"When our customers succeed, we succeed", is one of the central guidelines that governs the work at MIWE. This two-part philosophy works in many combinations such as, “If the environment succeeds, we succeed!” With one of the most important topics of the 21st century in mind, i.e., the current climate crisis, it is clear that sustainability is a huge responsibility for each and every one.
MIWE has been working hard to improve the myriad aspects of sustainability for more than 13 years and over the last decade, its tenet has been to focus heavily on optimising the energy efficiency of all its products. The result has been a huge success for the environment, society and customers. Nevertheless, being sustainable is not only about energy efficiency; it is also about a strategic combination of the myriad tasks required to be carried out to attain specific CO2 emission targets, whilst also striving to achieve perfectly baked products. These targets being sometimes reached through radical modifications to process technology from raw material stage and kneading, proving right through to baking, packaging and delivery etc., against a backdrop of the often repeated upper global temperature, with 1.5 0C in mind.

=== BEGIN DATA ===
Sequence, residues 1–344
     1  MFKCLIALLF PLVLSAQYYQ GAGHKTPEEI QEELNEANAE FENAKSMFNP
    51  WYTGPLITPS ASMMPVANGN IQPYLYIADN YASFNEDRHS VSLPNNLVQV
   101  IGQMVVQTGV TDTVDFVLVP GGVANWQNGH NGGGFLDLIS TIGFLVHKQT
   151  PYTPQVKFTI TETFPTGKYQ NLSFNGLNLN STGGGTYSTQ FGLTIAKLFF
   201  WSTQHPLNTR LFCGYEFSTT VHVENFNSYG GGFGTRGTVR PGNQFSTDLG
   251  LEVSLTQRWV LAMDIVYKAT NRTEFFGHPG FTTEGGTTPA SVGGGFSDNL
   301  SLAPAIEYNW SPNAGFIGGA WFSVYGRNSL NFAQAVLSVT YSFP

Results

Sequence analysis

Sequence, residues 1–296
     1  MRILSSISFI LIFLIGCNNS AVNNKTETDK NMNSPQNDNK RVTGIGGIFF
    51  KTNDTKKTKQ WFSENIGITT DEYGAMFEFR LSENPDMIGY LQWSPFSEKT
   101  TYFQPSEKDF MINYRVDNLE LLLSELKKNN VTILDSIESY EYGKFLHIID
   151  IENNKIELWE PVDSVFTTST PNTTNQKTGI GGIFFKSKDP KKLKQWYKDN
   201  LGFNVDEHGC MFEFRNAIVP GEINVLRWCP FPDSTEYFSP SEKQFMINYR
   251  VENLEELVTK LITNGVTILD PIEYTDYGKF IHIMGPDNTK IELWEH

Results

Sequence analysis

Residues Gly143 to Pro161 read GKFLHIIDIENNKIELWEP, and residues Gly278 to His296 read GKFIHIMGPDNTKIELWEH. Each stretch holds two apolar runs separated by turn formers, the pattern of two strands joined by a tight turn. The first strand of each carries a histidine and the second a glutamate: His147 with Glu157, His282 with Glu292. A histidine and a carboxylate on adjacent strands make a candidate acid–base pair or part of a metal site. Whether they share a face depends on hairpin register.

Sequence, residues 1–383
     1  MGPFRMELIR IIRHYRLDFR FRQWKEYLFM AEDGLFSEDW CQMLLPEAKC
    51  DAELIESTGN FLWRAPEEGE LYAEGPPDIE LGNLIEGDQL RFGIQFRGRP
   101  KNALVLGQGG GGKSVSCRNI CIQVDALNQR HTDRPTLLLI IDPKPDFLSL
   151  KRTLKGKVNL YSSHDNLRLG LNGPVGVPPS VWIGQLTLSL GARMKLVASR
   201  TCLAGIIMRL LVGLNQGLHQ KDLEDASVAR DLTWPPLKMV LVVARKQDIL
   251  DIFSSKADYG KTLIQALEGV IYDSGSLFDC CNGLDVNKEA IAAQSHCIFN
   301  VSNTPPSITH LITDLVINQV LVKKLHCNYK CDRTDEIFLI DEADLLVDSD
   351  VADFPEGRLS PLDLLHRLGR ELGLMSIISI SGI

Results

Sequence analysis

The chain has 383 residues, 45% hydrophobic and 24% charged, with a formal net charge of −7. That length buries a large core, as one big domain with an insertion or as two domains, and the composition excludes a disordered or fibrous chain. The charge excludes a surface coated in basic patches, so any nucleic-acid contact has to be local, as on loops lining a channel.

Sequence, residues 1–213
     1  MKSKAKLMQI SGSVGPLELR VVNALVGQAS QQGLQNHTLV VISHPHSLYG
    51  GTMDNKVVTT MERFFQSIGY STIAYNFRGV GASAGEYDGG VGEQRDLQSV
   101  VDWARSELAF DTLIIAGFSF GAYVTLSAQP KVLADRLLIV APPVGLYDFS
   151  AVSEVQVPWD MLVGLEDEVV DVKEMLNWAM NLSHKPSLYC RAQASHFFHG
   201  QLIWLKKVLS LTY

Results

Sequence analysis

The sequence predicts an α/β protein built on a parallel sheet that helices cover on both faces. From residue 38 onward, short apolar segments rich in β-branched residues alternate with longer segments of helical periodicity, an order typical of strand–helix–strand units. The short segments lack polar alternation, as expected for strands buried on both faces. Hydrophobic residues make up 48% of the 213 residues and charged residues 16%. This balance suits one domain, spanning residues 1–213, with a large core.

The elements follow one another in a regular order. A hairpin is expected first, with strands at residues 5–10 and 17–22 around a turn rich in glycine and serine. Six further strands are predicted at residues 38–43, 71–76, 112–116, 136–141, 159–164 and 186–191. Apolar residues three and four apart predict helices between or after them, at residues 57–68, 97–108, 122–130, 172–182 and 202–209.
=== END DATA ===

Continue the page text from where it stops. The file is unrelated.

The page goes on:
MIWE offers different solutions to tackle the important challenges for customers and the environment, whether their requirements include the improvement of energy consumption, CO2 reduction or sustainable production. Since it is always a good idea for equipment suppliers to improve their own in-house efficiency values themselves, MIWE began optimising its own energy consumption before offering this as a service to customers.